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Alda Lee Boyd, publicity director for the Seabury Press, asks Dr. King if he would write a statement that can be used to promote "The Jon Daniels Story." The book is about an Episcopal seminary student, Jonathan Daniels, who was killed while working in Mississippi following the Selma to Montgomery March.
The SCLC placed this type of boycott poster on the storefronts of businesses that refused to provide equal job opportunities to Negroes.
On behalf of the Council on Human Relations of Greater Atlanta, Chairman Mrs. John W. Stanley extends an invitation to an upcoming dinner meeting where Mrs. Eliza Paschall, Executive Director of the Community Relations Commission of the City of Atlanta, will be honored. Morehouse College President Emeritus Dr. Benjamin E. Mays is scheduled to discuss "Black Power versus White Power" with the attendees.
Dr. King's secretary, Dora McDonald, recommends two articles published in The Carolina Israelite. "Negro Morality" makes distinctions between crime committed by impoverished Negroes and their ethically challenged white counterparts. The second article,"Why Didn't She Stay Home?" discusses tactics of the "Far Right," the ignoring of crimes committed against Negroes, and the role of both white and black clergy in the preservation of Christian ideals.
Dr. King, along with the SCLC, devises a plan to stop government officials from shutting down public facilities. Dr. King goes on to discuss the racism in Albany and plans to generate peace with the white communities.
Randolph T. Blackwell requests a one-year leave of absence from the Southern Christian Leadership Conference to work with Citizens Crusade Against Poverty. Blackwell will assist the S.C.L.C. sister organization with its emerging Southern Rural Development Project.
The Students Union of Aarus University congratulates Dr. King for receiving the Nobel Peace Prize.
In an address at the CME Church Conference, George B. Nesbitt analyzes the role of the church during the Civil Rights Movement. During slavery, the church was a place of refuge and hope, but now individuals are beginning to lose their faith in the church.
The Mississippi Freedom Democratic Party informs citizens of the mistreatment incurred by African Americans attempting to register to vote and participate in election process. The Party also outlines its journey to sending 64 delegates to the Democratic Convention of 1964 and how President Johnson denied them seats at the Convention.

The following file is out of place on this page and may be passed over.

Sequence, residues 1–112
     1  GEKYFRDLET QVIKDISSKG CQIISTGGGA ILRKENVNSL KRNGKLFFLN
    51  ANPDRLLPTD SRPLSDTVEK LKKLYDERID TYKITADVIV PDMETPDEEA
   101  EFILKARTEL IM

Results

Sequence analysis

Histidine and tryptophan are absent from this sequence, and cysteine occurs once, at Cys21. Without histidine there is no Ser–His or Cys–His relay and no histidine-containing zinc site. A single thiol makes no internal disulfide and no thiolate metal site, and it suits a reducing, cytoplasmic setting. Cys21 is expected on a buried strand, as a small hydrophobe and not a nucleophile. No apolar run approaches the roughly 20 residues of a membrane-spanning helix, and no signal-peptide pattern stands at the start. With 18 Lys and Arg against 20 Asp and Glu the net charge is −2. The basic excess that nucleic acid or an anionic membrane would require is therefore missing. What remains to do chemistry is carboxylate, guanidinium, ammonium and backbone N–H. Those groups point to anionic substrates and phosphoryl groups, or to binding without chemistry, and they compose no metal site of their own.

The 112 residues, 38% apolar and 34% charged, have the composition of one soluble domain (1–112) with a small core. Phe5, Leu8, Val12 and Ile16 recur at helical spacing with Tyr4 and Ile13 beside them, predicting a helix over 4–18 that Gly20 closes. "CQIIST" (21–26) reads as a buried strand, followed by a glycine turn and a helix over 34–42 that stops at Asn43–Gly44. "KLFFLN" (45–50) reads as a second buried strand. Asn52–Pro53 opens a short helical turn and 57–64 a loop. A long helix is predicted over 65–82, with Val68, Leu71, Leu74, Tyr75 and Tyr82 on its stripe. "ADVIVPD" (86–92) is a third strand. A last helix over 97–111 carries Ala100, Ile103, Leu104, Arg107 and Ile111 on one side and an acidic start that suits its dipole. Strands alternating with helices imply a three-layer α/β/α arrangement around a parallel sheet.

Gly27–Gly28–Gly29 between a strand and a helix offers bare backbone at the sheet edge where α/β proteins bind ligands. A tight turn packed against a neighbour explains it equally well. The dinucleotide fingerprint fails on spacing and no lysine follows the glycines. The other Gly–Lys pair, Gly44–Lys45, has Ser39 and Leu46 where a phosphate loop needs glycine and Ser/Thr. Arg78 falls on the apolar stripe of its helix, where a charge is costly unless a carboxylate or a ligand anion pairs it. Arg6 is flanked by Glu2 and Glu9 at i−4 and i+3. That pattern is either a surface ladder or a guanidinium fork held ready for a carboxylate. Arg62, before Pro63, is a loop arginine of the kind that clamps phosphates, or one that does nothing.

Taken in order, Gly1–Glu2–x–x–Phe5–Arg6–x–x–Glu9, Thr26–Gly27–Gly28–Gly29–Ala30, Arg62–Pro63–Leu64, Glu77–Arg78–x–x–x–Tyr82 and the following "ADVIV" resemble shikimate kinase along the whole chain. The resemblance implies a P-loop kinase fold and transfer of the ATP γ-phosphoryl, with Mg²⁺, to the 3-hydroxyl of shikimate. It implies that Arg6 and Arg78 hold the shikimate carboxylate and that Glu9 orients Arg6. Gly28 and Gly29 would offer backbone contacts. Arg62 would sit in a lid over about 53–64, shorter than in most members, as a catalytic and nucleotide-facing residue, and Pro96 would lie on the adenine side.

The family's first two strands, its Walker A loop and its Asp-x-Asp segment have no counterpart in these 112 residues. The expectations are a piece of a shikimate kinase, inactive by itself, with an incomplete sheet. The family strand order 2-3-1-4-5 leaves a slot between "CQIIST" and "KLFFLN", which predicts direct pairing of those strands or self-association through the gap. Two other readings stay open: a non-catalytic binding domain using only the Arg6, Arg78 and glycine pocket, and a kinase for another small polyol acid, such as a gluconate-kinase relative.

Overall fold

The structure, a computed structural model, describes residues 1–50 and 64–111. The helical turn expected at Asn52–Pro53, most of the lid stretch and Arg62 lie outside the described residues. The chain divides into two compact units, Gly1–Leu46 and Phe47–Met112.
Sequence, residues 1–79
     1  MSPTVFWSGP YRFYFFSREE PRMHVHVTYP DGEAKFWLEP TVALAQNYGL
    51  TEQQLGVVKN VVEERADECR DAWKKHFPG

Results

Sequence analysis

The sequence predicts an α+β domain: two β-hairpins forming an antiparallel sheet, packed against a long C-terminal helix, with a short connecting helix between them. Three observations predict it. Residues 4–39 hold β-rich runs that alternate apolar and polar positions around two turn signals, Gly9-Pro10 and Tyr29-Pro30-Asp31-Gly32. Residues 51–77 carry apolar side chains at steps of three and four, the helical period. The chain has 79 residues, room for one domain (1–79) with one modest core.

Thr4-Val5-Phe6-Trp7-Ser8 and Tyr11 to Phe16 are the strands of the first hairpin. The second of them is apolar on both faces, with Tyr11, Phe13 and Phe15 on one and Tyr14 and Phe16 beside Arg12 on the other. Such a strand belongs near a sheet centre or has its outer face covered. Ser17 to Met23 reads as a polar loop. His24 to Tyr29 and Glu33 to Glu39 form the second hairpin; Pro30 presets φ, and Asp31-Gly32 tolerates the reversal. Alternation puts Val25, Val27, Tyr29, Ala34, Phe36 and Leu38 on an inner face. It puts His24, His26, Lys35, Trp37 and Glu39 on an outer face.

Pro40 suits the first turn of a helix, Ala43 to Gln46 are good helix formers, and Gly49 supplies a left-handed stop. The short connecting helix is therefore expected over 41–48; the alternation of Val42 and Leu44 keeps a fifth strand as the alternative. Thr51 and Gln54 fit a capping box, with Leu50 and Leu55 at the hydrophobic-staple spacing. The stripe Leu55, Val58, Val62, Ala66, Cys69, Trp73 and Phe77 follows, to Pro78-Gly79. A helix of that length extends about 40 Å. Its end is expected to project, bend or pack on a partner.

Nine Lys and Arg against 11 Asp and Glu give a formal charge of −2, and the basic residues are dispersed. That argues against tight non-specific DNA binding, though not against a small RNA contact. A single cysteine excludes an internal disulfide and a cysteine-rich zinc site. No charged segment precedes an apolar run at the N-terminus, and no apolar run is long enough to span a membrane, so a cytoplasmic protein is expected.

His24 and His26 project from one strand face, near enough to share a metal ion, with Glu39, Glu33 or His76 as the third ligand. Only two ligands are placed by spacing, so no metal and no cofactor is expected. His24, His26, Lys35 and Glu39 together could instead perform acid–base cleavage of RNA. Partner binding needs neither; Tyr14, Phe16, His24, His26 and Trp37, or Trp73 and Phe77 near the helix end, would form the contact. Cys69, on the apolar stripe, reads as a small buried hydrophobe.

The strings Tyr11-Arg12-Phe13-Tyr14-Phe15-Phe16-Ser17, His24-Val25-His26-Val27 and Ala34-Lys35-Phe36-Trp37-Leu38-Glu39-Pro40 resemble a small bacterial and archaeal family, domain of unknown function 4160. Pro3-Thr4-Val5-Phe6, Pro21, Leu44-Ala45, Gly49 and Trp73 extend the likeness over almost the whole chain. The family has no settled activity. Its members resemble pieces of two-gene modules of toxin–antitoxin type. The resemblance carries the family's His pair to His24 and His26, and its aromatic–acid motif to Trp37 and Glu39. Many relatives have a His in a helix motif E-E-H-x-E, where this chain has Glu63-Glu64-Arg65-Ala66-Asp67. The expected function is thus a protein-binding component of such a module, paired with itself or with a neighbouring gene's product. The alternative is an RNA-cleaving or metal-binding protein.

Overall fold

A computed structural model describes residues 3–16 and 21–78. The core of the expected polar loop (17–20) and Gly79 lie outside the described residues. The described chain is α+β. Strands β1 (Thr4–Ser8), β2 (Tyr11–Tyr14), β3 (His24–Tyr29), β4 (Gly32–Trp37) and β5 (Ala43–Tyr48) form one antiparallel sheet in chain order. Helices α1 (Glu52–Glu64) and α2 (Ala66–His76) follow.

William Rutherford recounts his difficulties trying to contact Dr. King while he was in the United States. He goes on to express interest in doing fundraising programs for SCLC in Europe, as well as, mobilizing public opinion in support of the cause.
Dr. King highlights the life and work of American clergyman, theologian, and civil rights leader, Robert W. Spike. Spike was a leader known for mobilizing church participation for the Civil Rights Movement. Less than one year after accepting a professorship at the University of Chicago, he was murdered.
SCLC's Citizenship Education Program issues a five year proposal for the period between 1965 and 1970. The proposal outlines previous successful activities since the inception of the program.
Pat McNamara, U.S. Senator from Michigan, writes Dr. King expressing gratitude for his letter of recent date regarding efforts to strip the poll tax prohibition from the voting rights bill.
Myles Horton, the co-founder of the Highlander Research and Education Center, explains that he has been working on a program for the Appalachian area. He also mentions that the Center sponsors voter registration, political education programs and a series of workshops to help Negro candidates run for local and state offices.
Harry W. Wachtel reports the minutes of the American Foundation of Nonviolence Board Meeting held in New York City, New York.
In this letter, Dora McDonald tells Cantor Mendelson that Dr. King is pleased to know that the Men's Club of Beth Sholom is interested in setting to music excerpts from "I Have a Dream." McDonald refers Mendelson to Clarence Jones, an attorney who handles such matters.
Ulf Sviden, Chairman of the UN Student Association, Stockholm Branch, sends Dr. King a congratulatory letter for his Nobel Peace Prize Award and an invitation to speak to the students of Stockholm.
Gene Lyle writes the editor of a newspaper article entitled "Americans Need Some Discipline" to address unjustified criticism expressed against Dr. King. The author is certain that the article persuaded some readers that Dr. King "is to be feared and despised" for being a contributor to civil unrest. However, the writer predicts that "Dr. King will enter American history...as one of the great men of all time."
Tadashi Akaishi, Associate Book Editor for John Knox Press, writes Dr. King requesting to use his endorsement for Dr. Kyle Haselden's book "Mandate for White Christians" as the book's preface. The endorsement was initially to be included on the book's cover, but Akaishi feels that it is so well written that he now asks permission to use it as the preface.
This pamphlet produced by SNCC includes a number of reported violent attacks and intimidation tactics imposed on black Mississippi citizens from January 1, 1961 through February 4, 1964.